Civil War on the Home Front will feature W&L history professor Theodore C. DeLaney, Jr., and politics professor Lucas Morel, UVA historian Elizabeth Varon, author of Disunion!: The Coming of the American Civil War; and Holt Merchant. By examining the Civil War away from the battlefield, we’ll be able to understand more clearly both the causes and the consequences of the War. We’ll look at Lincoln’s White House and his relations with his cabinet, along with the forces in the North opposed to his reelection. The presidency of Jefferson Davis and his management of the Confederacy will also be of interest. Likewise, we’ll seek to understand why most of the deaths during the war did not occur on the battlefield. What was the state of medical science during the war years, and what important developments in the treatment injury and disease occurred? While Johnny Reb and Billy Yank were off fighting, what was life like at home? Were the lives of women in America to change forever? Finally, why was the Emancipation Proclamation, the “new birth of freedom,” so hotly debated in the North?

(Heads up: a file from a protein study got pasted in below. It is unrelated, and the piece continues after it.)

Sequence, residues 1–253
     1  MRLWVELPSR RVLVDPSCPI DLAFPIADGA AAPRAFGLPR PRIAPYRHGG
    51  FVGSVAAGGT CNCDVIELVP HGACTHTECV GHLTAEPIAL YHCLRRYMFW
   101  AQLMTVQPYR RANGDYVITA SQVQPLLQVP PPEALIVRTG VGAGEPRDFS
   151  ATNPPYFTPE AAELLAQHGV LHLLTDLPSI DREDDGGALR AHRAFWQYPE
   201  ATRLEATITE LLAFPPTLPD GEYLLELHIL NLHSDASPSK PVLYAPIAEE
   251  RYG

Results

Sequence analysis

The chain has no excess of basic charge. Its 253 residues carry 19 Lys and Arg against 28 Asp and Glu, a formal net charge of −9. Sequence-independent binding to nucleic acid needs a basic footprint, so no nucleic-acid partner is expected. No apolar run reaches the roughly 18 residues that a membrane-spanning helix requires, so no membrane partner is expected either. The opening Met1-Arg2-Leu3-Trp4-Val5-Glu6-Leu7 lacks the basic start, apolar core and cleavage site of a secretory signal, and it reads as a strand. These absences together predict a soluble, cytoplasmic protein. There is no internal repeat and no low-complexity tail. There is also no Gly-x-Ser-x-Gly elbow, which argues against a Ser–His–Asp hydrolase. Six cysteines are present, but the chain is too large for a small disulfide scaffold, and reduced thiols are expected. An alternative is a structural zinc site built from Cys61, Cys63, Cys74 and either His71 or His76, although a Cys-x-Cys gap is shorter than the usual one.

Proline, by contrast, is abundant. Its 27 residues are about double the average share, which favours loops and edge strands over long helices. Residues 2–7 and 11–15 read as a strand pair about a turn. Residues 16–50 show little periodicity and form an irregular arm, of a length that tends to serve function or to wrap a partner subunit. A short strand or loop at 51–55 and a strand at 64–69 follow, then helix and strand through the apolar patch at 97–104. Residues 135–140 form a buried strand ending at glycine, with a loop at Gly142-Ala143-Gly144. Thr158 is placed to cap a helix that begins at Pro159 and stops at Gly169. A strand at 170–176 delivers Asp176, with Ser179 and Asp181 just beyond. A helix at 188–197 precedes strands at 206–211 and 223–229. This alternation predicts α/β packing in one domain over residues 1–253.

Lincoln and the Gettysburg Address
LIVE » Friday, July 5, 2013 @ 10:35 am EST
A presentation by W&L Professor Lucas Morel. The Lewis G. John Term Professor and head of the Politics Department, Lucas arrived at W&L in July 1999 from Siloam Springs, Arkansas, where he had taught from 1994 to 1999 at John Brown University and the University of Arkansas-Fayetteville. He received his education at Claremont McKenna College and the Claremont Graduate School. His teaching and research interests are American government, political theory, Abraham Lincoln, and black American politics. He also serves as a pre-law advisor for the undergraduate university at large. Lucas is president of the Abraham Lincoln Institute, trustee of the Supreme Court Historical Society, and board member of the Abraham Lincoln Association. In the 2008-09 academic year, he was the Garwood Visiting Research Fellow at the James Madison Program in American Ideals and Institutions at Princeton University. He also teaches in the Summer Masters Program in American History and Government at Ashland University in Ashland, Ohio, where he also serves on the board of advisors. He has written for the Los Angeles Times, Christian Science Monitor, First Things, and Richmond Times-Dispatch, and is currently writing a book entitled "Lincoln, Race, and the Fragile American Republic."